Adelson stuns players with online poker stance

Las Vegas Sands President Sheldon Adelson announced his opposition to legalizing online poker last week. In the process, Adelson may have ended his business with live poker in Venice. Hours after the news broke that Adelson was opposed to any federal law that allows states to permit and regulate online poker, players flooded social media with calls to boycott the 11,000-square-foot poker room in the Venetian Resort-Hotel-Casino.

“Since Sheldon Adelson is lobbying against internet poker, I will no longer be playing in the Venetian Poker Room,” wrote one player on the TwoPlusTwoocom bulletin board. “If you are interested in this issue, I suggest you skip the room.” Richard Mooney, spokesman for the Poker Players Alliance, tweeted to supporters of internet poker over radio that he was against Adelson’s stance.

Jack Tracy, who writes for Pokerfusecom, encouraged players to frequently visit casinos owned by businesses that support poker legalization. Marco Valerio, a radio host for Quadjax, said poker players were angry and frustrated. “You’re dealing with a very sensitive community right now,” Valerio said. “Recent developments have provided some encouragement, but now they’re devastated again.”

Let’s face it. The 78-year-old, who has a net worth of $21.5 billion and ranks eighth among the richest 400 Americans on Forbes magazine, doesn’t care what poker players say. The bottom line? As long as Las Vegas Sands continues to make millions of dollars in its holdings in Macau and Singapore, which currently account for about 80 percent of the company’s $2.4 billion in quarterly revenue, Adelson will not think twice about internet poker. Last week, Adelson traveled to Asia to lobby Japan and Vietnam to legalize casinos. Las Vegas Sands is also pushing for a casino site in Miami if Florida legalizes the game.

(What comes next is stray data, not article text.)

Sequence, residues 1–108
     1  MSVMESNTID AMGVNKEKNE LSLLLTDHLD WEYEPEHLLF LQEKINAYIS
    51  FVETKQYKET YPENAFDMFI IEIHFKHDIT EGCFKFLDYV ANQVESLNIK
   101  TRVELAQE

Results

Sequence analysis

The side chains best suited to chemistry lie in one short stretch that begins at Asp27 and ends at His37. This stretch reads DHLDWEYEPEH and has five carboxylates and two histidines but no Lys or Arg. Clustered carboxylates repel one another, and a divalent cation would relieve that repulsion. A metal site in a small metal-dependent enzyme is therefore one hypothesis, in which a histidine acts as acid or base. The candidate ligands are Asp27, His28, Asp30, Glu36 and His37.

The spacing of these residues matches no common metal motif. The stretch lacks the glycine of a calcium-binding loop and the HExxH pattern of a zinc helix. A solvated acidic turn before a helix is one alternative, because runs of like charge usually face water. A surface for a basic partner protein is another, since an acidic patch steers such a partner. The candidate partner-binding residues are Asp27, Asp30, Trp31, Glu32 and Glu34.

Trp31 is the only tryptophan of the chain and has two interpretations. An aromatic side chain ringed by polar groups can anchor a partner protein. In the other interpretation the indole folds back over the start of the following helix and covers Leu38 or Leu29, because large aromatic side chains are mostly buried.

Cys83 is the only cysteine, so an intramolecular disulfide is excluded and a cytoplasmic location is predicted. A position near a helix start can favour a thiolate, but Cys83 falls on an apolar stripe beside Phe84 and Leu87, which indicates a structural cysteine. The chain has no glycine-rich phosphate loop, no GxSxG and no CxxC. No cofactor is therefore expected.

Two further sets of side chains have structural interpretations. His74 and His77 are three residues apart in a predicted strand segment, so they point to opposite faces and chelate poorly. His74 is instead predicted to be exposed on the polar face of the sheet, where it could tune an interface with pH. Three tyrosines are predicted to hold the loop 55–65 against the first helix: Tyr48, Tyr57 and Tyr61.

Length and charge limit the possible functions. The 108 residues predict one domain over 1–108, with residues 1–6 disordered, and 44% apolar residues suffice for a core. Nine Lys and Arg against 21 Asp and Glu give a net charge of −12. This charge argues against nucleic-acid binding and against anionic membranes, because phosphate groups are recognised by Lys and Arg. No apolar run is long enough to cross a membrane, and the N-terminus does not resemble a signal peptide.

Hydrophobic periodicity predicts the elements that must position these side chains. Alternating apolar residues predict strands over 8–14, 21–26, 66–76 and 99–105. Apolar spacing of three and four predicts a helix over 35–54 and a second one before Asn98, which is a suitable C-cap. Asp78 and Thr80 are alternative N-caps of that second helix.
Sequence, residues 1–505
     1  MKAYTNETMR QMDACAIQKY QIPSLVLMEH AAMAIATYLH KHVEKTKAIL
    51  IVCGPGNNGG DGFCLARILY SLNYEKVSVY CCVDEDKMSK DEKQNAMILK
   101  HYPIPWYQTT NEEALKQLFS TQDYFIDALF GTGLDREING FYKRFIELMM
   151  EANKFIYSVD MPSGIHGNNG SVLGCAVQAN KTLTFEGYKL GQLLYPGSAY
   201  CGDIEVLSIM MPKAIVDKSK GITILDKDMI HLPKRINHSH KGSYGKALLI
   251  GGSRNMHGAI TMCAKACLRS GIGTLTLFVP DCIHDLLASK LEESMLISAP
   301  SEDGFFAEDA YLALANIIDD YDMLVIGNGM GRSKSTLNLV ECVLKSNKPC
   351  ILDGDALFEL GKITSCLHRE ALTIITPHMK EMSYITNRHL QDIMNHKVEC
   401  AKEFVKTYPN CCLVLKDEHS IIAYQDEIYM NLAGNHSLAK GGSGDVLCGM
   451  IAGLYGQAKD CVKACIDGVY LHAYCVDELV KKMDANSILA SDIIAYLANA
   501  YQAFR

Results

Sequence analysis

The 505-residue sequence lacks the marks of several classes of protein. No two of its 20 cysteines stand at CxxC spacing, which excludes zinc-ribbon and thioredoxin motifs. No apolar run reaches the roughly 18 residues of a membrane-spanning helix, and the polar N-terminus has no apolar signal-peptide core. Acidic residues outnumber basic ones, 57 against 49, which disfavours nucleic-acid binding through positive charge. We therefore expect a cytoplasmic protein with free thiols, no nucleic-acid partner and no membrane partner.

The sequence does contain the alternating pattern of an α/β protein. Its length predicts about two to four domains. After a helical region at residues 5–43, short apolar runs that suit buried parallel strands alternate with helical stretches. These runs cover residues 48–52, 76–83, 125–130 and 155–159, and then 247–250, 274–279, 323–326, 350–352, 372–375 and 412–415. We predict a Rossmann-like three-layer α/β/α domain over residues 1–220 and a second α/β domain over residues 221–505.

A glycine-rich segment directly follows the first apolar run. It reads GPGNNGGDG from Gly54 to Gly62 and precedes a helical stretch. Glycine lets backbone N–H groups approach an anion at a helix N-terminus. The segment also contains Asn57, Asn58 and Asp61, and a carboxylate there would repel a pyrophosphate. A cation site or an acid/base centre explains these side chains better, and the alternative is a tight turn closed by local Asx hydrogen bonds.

Before heading to Asia, Adelson visited Washington, D.C., to tell Sen. John Kyle, Sen. Al-Ariz., and Frank Fahrenkoff Jr., president of the American Game Association, that he was against legalizing internet poker. He reportedly told them that he did not think technology could prevent underage gamblers from betting online, and that he was “morally opposed” to internet gaming. The strip competitors recently visited with Adelson to change his tune into a potential industry where many believe gaming revenue is worth more than $5 billion annually. 파친코

Most major casino companies have contracts with online game providers to set up U.S.-based Internet poker websites that will suit Americans once Congress approves the online poker legislation. Ron Leith, a spokesman for Las Vegas Sands, said Adelson’s feelings are his personal view, as the company’s board has not yet established a strategy for Internet gaming.

But let’s face it. The board will not oppose the company’s chairman, CEO, or major shareholder in this matter. Tracy was an online professional poker player until the U.S. Department of Justice blocked American access to the world’s three largest Internet poker websites in April through nine federal indictments. He claimed that Adelson’s views were sour grapes.

“He’s against it because all of his industry ducks aren’t in line to compete in new markets yet,” Tracy said. “I think he’s trying to stop his competitors from passing the bill.” It’s not uncommon for Adelson to have different views in the casino industry than others.

Leave A Reply

Your email address will not be published. Required fields are marked *